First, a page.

• 13. ages 12-14 {early adolesce Rapid physical changes Experiencing at different rates Interest in opposite sex Depend on adult guidance but seeking independence Self conscious Compare themselves to peers Frequent mood swings More realistic goal setting Can handle longer and more in-depth learning experiences physical social early adolescence {12-14} emotional intellectual
  • 14. ages 15-18 {middle adoles Smaller range in size and maturity amongst peers Sexual maturity Social status is important Respect from peers and adults also important Want adult leadership roles Looking for independence from adults and approval from peers Desire approval from both groups Restricting areas of interest Abstract thinking and problem solving Developing personal values physical social middle adolescence {15-18} emotional intellectual
  • 15. break- five minutes!
  • 16. small group activity
  • 17. <ul><ul><ul><li>High school </li></ul></ul></ul><ul><ul><ul><li>Middle school </li></ul></ul></ul><ul><ul><ul><li>Elementary school </li></ul></ul></ul>organize into small groups
  • 18. scenario <ul><li>Your team is planning to begin a morning greeting activity in two weeks. Your team is leading a brainstorm on the potential activities and how to introduce them to students. </li></ul>
  • 19. <ul><li>Based on what you’ve learned about the age group you work with, you need to: </li></ul><ul><ul><li>Determine appropriate and engaging Morning Greeting activities </li></ul></ul><ul><ul><li>Develop a plan for introducing these activities to students and the school community </li></ul></ul>task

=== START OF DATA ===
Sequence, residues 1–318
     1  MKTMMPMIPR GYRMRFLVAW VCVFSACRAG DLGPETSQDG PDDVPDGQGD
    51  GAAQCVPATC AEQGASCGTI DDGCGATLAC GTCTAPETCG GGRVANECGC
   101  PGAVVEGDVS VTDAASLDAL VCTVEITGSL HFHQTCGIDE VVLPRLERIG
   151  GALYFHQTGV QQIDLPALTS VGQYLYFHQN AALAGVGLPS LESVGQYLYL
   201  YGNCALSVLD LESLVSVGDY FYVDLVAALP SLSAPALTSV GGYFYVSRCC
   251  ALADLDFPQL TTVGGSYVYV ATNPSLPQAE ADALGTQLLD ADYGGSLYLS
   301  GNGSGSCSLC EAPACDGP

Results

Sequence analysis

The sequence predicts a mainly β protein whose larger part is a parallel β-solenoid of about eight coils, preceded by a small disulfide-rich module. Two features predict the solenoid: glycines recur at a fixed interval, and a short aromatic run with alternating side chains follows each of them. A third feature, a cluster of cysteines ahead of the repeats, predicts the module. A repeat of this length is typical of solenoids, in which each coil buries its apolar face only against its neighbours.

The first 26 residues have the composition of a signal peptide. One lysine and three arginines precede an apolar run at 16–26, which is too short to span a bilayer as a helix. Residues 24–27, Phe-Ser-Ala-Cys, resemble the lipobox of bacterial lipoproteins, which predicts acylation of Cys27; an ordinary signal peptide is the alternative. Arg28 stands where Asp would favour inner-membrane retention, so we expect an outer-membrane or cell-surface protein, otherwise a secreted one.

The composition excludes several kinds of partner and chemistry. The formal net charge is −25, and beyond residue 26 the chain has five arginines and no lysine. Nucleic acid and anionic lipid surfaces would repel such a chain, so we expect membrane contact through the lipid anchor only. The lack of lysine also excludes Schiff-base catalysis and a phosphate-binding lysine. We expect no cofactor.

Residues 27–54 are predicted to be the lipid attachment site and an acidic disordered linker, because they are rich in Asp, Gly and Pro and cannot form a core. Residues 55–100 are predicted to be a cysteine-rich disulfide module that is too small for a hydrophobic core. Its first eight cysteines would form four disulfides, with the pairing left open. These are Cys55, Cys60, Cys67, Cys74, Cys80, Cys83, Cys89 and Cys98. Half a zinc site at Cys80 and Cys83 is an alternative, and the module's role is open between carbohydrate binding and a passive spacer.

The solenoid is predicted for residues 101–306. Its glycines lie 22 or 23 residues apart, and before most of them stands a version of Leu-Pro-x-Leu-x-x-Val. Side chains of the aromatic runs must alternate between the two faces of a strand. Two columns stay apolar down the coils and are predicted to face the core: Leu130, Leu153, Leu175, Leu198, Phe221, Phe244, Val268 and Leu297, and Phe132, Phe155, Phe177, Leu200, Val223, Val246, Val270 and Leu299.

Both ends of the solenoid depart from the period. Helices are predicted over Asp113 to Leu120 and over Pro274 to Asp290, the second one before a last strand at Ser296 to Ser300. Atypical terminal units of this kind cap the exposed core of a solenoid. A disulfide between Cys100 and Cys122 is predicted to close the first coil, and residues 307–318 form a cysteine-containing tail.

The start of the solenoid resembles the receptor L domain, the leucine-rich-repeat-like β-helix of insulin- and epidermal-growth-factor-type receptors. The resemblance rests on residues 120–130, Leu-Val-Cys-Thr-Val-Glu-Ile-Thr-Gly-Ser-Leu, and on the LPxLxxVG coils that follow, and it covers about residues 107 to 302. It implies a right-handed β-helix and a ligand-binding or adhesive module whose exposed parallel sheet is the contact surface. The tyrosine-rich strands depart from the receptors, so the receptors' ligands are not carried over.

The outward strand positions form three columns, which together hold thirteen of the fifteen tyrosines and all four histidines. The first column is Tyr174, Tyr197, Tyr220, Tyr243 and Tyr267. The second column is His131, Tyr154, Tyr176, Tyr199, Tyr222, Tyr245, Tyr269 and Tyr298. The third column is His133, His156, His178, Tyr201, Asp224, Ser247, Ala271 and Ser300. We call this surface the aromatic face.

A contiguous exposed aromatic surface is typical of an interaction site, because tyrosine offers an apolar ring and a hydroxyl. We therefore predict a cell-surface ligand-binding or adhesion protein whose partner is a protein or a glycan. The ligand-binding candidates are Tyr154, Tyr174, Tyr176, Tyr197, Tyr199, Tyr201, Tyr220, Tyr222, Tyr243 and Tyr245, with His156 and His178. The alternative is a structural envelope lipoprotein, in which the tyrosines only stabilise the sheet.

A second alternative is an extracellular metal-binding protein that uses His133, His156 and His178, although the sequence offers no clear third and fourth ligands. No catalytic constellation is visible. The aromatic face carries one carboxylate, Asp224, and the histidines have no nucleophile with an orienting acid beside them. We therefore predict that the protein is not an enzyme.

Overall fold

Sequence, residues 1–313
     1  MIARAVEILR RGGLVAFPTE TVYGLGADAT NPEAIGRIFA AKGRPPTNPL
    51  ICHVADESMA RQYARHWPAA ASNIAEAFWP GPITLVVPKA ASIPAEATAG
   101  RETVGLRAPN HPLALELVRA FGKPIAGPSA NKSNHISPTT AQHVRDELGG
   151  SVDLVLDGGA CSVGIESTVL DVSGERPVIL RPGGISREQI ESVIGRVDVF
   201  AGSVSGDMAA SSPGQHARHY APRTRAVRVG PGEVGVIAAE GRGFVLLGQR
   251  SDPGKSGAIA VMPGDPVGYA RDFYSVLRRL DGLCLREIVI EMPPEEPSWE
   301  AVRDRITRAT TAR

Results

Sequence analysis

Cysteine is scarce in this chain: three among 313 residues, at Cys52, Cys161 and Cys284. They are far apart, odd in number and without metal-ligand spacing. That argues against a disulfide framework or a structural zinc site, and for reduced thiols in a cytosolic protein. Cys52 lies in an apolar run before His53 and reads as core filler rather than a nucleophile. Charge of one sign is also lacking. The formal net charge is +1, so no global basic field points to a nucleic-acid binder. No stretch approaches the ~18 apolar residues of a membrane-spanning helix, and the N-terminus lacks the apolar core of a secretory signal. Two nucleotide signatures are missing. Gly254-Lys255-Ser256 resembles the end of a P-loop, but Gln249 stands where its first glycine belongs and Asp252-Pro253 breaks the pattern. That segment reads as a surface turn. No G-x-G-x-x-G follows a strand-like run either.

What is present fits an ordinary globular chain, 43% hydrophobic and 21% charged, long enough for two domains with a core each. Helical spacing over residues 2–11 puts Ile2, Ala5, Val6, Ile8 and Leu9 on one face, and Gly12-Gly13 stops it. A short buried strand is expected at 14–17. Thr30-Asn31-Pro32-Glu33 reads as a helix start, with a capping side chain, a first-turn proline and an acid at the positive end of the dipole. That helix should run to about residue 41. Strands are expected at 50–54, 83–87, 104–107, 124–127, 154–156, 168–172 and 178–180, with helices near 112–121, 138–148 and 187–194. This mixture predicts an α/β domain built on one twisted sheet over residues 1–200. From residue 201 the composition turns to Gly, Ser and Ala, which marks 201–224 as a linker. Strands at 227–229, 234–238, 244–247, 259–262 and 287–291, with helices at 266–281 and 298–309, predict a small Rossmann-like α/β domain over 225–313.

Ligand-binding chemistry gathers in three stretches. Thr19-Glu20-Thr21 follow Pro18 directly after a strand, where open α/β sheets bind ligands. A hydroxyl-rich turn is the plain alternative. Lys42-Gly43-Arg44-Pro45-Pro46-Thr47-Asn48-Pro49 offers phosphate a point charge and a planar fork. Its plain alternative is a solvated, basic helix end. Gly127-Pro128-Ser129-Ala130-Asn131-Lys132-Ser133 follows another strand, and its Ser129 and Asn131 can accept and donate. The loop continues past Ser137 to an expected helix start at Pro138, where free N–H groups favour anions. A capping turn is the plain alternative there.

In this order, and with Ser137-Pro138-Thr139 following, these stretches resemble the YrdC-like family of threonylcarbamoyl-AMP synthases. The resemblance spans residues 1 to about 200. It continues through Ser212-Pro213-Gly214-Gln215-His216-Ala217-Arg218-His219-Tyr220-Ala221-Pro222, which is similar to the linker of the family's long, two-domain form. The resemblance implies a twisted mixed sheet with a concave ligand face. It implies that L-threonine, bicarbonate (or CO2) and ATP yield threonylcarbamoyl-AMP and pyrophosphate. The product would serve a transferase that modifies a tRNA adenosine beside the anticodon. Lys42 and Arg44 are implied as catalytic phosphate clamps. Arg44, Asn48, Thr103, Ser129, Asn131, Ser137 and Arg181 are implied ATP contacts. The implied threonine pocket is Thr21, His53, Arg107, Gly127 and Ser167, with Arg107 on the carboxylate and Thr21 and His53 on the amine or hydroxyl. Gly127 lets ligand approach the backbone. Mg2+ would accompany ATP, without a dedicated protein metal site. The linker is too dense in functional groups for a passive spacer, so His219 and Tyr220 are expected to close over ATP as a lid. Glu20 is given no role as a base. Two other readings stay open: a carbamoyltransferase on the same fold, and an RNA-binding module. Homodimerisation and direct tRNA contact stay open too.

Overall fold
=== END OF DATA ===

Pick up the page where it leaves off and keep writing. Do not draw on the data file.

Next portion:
• 20. scenario <ul><li>You are brainstorming effective ways to recruit students to join your new afterschool program. </li></ul>
  • 21. <ul><li>Based on what you’ve learned about the age group you work with, you need to: </li></ul><ul><ul><li>Determine strategies to garner student interest and excitement to join and participate in the afterschool program </li></ul></ul>task
  • 22. group share back <ul><ul><ul><li>High school </li></ul></ul></ul><ul><ul><ul><li>Middle school </li></ul></ul></ul><ul><ul><ul><li>Elementary school </li></ul></ul></ul>
  • 23. <ul><li>Take 5 minutes to reflection on the following questions: </li></ul><ul><li>What am I going to take away from this session? </li></ul><ul><li>How can the information I’ve learned in this session positively impact my service in my community? </li></ul>reflection
  • 24. <ul><li>Austin, D. 2006. “Building on a Foundation of Strengths.” Educational Horizons, 84(3). </li></ul><ul><li>Erikson (1968). “Identity, Youth, and Crisis. New York: Norton and Company. </li></ul><ul><li>Peter L. Bensen, Judy Galbraith and Pamela Espeland. “What Kids Need to Succeed” (Minneapolis, MN: Search Institute, 1995). </li></ul><ul><li>Tomek, J; Williams, M; “Ages and Stages of 4-H Youth Development.” Columbia: MU Extension, University of Missouri-Columbia Press, 1999. </li></ul>references